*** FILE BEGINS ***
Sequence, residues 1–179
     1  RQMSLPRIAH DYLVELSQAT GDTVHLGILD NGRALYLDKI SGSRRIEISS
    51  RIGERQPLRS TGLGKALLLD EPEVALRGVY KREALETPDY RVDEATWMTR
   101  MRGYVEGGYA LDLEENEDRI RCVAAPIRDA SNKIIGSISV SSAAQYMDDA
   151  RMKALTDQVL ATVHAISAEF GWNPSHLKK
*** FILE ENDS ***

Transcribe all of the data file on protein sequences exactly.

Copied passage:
Sequence, residues 1–179
     1  RQMSLPRIAH DYLVELSQAT GDTVHLGILD NGRALYLDKI SGSRRIEISS
    51  RIGERQPLRS TGLGKALLLD EPEVALRGVY KREALETPDY RVDEATWMTR
   101  MRGYVEGGYA LDLEENEDRI RCVAAPIRDA SNKIIGSISV SSAAQYMDDA
   151  RMKALTDQVL ATVHAISAEF GWNPSHLKK